Big Dance Theater, New York, NY: The Most Recent History and Most Lamentable Tragedy of the 8ees (‘80’s) Passover, Sortof: directed new piece (text by Henry David Clarke) in Play Play Faster Faster festival, 2005.

Marlboro College, Marlboro, VT

Speak, an original adaptation of the novel by Laurie Halse Anderson, uses expressionism to tell a story of a high school girl  looking for her voice.

The lyricism and onstage piano player in Williams Saroyan’s 1939 The Time of Your Life make it perfect for a musical adaptation. In this Pulitzer Prize winning play, the characters that frequent a ‘Frisco bar make their own melted-pot American family out of companionship, music, and beer. Music and lyrics by David Frye and Terence Purtell.

Scene 9 (world premiere), by Henry David Clarke

Columbia University, New York, NY 1999-2002

Anatomy of Isabelle: A Reconstructed Production, co-produced with SKT, was a documentary production chronicling work on a production of New Anatomies, by Timberlake Wertenbaker, that was halted on September 11. The original play details Isabella Eberhardt’s conversion to Islam and her journey through Northern Africa disguised as a man. We were in rehearsals on September 11, and, when three actors quit because they did not want to play Muslims, we rebuilt the production to include that drama as well as our research into Eberhardt’s life and the Sufi mysticism she practiced.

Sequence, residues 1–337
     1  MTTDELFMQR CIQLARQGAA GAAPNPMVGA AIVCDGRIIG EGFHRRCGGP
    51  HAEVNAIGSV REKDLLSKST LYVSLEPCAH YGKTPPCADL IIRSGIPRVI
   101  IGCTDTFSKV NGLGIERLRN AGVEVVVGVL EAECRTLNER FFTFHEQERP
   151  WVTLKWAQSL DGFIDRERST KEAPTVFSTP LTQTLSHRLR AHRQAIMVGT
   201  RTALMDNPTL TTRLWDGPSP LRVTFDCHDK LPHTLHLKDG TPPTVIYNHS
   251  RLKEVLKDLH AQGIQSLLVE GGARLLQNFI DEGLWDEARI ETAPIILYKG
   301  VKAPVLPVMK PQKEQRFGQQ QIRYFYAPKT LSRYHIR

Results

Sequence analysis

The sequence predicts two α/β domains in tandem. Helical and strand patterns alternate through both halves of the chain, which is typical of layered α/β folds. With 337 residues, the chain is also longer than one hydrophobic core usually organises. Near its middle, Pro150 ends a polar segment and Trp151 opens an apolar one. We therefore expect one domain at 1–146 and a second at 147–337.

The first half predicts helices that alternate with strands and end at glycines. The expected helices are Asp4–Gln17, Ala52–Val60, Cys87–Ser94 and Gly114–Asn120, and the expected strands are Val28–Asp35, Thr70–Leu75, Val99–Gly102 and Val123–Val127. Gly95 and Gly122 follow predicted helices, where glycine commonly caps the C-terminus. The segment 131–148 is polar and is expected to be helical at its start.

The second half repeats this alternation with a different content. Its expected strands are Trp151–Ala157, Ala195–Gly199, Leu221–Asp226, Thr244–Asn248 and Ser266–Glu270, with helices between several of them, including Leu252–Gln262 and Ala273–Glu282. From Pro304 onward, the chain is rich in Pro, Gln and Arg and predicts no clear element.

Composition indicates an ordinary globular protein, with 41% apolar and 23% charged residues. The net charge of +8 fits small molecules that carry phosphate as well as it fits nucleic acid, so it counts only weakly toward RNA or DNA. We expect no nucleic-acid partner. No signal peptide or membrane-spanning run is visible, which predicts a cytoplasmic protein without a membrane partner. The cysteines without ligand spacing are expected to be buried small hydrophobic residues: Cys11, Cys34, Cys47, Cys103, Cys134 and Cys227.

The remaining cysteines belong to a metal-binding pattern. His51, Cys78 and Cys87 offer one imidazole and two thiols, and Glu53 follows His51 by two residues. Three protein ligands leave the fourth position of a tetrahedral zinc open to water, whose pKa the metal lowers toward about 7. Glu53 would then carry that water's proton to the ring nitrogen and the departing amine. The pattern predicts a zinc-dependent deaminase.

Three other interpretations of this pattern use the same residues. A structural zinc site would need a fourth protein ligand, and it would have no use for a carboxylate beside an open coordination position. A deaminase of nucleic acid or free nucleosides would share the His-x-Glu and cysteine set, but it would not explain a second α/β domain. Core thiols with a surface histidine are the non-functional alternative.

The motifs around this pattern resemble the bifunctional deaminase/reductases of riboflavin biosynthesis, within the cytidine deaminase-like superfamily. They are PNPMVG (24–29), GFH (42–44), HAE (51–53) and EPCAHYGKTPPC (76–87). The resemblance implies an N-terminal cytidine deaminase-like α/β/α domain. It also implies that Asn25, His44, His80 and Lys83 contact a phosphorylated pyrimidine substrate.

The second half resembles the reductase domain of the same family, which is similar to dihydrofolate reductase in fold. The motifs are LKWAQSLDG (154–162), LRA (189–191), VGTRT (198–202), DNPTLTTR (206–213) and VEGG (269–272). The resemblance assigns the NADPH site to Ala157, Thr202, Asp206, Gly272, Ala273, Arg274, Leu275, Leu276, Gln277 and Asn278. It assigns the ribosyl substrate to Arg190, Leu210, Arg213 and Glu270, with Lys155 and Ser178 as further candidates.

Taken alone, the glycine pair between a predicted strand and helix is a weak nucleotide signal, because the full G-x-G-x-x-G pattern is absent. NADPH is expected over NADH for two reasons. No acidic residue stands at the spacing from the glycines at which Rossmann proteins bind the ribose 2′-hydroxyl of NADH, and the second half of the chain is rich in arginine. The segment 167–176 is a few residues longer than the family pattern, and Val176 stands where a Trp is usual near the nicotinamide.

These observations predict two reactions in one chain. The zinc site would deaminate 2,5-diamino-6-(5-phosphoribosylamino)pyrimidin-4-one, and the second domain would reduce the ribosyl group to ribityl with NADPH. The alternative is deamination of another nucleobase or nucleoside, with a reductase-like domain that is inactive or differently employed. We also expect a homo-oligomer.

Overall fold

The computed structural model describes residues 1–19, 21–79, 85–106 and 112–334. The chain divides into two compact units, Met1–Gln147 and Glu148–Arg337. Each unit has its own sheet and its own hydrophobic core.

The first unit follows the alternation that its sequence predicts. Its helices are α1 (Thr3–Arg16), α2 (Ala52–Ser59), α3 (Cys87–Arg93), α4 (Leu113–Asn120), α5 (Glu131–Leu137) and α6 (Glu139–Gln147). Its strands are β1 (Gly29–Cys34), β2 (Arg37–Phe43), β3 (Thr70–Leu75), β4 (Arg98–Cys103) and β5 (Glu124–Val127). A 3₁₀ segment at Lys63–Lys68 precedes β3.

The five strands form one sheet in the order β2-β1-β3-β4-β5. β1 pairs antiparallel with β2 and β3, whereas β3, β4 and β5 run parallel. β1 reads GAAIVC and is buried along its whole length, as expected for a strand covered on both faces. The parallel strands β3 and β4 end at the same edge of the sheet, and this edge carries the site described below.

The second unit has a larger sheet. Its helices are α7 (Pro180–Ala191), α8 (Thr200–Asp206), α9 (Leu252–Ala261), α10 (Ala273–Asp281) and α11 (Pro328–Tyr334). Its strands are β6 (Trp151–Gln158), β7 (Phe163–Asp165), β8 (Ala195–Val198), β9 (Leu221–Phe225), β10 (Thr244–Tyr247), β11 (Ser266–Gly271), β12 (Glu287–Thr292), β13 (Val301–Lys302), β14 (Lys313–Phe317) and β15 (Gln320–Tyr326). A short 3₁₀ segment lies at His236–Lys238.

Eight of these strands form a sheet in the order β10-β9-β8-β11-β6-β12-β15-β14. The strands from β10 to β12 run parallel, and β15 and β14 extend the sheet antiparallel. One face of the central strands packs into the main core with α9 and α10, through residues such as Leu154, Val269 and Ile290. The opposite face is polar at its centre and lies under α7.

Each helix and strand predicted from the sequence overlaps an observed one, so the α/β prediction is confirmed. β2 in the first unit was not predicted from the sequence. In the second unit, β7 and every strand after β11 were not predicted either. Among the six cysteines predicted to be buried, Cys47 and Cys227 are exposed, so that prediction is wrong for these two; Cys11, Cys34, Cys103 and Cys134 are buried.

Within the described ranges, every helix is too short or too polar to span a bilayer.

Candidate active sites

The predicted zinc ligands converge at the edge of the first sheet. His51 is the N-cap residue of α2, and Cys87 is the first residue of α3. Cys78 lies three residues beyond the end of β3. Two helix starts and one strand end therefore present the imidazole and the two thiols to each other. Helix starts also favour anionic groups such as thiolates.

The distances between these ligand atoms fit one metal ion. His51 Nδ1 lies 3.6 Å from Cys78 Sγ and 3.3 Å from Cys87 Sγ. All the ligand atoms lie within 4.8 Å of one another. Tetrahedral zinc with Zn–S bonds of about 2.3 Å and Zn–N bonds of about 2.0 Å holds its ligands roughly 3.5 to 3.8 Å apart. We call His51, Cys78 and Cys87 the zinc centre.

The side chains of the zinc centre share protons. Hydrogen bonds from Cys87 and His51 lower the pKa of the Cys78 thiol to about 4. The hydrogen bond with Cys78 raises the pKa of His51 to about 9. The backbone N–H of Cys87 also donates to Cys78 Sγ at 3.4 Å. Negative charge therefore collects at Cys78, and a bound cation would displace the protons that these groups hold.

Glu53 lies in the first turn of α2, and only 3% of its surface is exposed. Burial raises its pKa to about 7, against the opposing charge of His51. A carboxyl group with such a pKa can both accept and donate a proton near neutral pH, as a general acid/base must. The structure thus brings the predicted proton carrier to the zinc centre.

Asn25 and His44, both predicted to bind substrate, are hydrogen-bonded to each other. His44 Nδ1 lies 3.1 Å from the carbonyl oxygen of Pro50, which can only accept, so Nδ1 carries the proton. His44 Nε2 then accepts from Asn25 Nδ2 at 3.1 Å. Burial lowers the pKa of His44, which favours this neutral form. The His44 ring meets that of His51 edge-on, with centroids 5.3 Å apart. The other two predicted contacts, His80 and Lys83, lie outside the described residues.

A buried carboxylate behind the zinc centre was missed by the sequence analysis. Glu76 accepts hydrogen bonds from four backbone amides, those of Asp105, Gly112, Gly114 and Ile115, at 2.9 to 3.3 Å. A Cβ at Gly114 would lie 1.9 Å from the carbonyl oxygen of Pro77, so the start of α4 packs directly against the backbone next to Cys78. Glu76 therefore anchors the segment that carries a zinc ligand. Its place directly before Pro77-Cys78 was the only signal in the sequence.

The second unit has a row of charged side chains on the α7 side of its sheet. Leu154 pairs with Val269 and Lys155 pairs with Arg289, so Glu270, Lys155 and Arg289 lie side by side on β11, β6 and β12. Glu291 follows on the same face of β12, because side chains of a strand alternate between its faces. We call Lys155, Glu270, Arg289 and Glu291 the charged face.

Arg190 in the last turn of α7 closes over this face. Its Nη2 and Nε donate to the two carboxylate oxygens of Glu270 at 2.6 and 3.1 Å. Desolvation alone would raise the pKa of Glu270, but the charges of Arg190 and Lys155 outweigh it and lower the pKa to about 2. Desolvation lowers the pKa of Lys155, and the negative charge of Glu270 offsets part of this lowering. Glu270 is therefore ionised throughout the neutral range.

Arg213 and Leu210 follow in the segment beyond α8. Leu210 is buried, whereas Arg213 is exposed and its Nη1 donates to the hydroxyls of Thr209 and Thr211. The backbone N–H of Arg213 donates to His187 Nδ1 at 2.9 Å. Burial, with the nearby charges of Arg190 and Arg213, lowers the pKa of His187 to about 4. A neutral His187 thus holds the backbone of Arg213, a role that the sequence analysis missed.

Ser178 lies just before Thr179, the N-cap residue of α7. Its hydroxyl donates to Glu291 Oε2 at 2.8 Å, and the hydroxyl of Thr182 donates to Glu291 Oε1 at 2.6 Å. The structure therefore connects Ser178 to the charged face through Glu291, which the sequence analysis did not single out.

The Vagina Monologues Spring 01 and 02, Eve Ensler (co-produced with SKT)

When We Dead Awaken, Henrik Ibsen

Monsieur X: Here Called Pierre Rabier, an adaptation of the Marguerite Duras memoir, War

Hundreds of Collisions, an original piece based on the theories of John Cage

Doors, an original autobiographical piece based on the theories of Thadeusz Kantor

Hollywoodland, Tim Braun (world premiere)

In the Penal Colony, an adaptation of Franz Kafka’s short story

SKT, Inc.,New York, NY 1996-2002

Director and Producer

The Looking Glass Theatre: Cymbeline, William Shakespeare

Surf Reality: The Trojan Women, adaptation from versions by Charles L. Mee, Jr.,
Brendan Kennelly, and John Barton

The Connelly Theater: Why We Have a Body, Claire Chaffee

The John Houseman Theater: Like It Is, Johnathan F. McClain (New York premiere)


29th Street Rep: Floating Redundant, Kimberly Howard (New York premiere)

The Connelly Theater: The Philanderer, George Bernard Shaw

45th Street Theater: Goldfish, Joshua Shelov (world premiere)